NEW from the March/April 2013 issue of Touchstone.
Death and Afterlife: A Theological Introduction
by Terence Nichols
reviewed by Graeme Hunter
Diane, a mother in her mid-forties, is dying of leukemia, leaving behind her husband and two teenage boys. The stuff of domestic tragedy. You can easily imagine distraught relatives, and nagging questions that have no reply.
However, in Terence Nichols’s fine book, Death and Afterlife, Diane’s death figures as a luminous episode, which left her loved ones with “an inexplicable sense of peace and joy.” Her story serves as a frame for Nichols’s book, not only to introduce the wider themes of death and what comes after, but also to prepare the reader to consider the forgotten art of “dying well,” the master theme towards which the story builds.
It was wise to defer that unfamiliar theme to the end of the book. Modern people need all the help they can get to grasp an idea so out of keeping with the age. A world as materialistic, scientistic, and consumerist as ours inclines by its nature to impulsive self-absorption, and is little given to introspection about death or the inscrutable reality behind death’s door. Instinctively the modern mind thrusts aside such meditations as morbid and medieval. In their place we put the celebration of life. Think of the new style of obituary, in which we are promised a celebration of the loved one’s life but seldom a funeral, much less a Service or Mass of Christian Burial. Lacking the concepts to deal intelligently with death, we think it better to avert our gaze.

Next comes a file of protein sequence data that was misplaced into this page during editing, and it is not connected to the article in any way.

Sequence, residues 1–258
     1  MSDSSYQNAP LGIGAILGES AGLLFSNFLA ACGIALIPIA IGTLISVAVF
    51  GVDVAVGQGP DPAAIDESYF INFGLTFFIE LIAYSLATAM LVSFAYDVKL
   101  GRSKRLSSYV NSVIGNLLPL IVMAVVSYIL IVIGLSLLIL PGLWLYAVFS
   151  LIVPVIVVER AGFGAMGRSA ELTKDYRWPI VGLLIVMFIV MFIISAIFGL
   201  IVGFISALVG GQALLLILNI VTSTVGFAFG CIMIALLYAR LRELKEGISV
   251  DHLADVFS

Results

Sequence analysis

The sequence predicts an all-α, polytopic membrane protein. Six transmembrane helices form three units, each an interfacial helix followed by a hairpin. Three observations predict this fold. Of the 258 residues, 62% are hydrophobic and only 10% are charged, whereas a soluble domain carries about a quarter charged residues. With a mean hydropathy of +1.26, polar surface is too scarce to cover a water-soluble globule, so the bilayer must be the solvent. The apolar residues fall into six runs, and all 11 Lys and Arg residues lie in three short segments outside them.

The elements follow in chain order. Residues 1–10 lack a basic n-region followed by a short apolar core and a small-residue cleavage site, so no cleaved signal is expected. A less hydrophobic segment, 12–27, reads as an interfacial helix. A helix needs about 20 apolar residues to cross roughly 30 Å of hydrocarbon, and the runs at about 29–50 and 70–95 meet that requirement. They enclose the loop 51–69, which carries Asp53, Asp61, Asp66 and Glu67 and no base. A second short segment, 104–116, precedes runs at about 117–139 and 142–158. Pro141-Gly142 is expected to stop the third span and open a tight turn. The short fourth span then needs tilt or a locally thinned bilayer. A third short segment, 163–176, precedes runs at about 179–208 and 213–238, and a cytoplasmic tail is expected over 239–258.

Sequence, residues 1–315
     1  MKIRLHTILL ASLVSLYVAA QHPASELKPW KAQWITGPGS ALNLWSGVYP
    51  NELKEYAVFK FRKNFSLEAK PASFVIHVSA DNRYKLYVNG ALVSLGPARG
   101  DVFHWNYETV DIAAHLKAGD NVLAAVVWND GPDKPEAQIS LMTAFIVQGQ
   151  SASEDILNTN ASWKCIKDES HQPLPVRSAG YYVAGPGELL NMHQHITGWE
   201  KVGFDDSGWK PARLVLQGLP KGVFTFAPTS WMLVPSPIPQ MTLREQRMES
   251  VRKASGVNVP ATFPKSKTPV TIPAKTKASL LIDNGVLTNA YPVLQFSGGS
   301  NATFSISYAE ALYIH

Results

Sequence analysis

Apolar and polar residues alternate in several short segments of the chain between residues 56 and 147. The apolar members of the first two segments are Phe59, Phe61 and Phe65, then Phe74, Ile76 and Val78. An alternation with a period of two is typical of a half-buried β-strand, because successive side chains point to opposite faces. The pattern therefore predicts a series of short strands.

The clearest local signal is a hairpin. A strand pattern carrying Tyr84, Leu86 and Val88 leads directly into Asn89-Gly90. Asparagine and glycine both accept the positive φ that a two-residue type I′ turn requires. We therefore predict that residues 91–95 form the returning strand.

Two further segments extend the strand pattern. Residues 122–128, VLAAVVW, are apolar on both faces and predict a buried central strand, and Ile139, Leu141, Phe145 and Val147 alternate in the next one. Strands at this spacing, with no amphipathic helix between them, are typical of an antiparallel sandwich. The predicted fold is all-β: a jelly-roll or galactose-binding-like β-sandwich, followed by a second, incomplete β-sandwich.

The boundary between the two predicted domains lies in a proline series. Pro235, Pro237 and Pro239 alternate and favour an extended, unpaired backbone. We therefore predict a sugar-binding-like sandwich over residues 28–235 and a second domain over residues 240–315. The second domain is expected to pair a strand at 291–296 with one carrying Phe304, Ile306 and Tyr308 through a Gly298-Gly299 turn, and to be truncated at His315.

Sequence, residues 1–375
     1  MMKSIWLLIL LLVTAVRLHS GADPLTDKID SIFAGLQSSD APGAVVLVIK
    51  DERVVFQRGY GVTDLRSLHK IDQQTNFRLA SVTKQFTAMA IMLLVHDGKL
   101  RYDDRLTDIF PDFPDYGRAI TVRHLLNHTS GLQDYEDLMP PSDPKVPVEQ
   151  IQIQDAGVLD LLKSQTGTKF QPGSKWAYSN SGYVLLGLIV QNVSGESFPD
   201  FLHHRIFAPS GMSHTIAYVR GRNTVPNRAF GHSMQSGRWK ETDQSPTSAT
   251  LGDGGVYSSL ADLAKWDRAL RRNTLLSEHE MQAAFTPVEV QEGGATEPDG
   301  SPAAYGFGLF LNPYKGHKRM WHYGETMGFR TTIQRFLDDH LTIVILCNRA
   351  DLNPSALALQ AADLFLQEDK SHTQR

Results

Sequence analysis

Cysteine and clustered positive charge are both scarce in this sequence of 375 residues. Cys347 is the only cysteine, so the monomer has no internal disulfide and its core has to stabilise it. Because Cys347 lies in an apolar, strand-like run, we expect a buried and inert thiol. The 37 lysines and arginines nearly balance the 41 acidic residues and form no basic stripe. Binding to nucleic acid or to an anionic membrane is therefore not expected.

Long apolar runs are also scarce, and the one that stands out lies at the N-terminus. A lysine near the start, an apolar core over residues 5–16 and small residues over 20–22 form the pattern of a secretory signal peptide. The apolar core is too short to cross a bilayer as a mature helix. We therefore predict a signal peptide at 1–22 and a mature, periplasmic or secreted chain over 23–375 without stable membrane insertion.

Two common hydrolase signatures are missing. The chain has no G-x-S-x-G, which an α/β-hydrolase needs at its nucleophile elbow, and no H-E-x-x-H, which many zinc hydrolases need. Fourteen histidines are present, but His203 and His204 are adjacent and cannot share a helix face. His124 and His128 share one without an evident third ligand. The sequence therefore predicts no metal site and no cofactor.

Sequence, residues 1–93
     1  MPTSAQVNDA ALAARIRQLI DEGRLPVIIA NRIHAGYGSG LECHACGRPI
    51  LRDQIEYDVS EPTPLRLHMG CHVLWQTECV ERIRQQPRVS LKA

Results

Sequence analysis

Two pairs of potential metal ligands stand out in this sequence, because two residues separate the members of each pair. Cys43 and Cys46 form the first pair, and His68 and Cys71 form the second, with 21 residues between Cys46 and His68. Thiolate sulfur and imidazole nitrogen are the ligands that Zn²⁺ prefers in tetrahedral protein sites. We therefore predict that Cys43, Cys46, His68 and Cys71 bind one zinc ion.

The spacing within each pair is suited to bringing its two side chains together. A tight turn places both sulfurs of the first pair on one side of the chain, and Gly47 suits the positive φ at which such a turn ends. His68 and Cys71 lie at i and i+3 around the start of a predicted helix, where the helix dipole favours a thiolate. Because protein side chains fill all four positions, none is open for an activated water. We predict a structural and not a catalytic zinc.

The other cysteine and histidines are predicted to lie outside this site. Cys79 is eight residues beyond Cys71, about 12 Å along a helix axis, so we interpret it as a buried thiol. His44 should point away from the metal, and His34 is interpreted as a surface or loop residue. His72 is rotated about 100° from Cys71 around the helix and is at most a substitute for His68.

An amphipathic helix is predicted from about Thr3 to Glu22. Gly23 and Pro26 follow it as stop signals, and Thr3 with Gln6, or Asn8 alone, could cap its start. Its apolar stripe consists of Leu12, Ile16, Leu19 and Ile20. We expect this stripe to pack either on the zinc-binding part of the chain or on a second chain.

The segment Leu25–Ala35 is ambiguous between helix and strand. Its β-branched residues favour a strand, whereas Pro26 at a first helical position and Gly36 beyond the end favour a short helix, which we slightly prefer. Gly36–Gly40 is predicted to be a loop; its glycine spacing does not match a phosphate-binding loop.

A Better Approach
Nichols’s engaging book offers readers something better. It presents the Christian Church’s considered wisdom about death and the afterlife in a manner that is both informed and practical. It addresses the difficulty of integrating Christian belief on these matters with modern presuppositions, and only then turns to offering practical ways of making the contemplation of mortality, resurrection, and eternal life our means of dying well.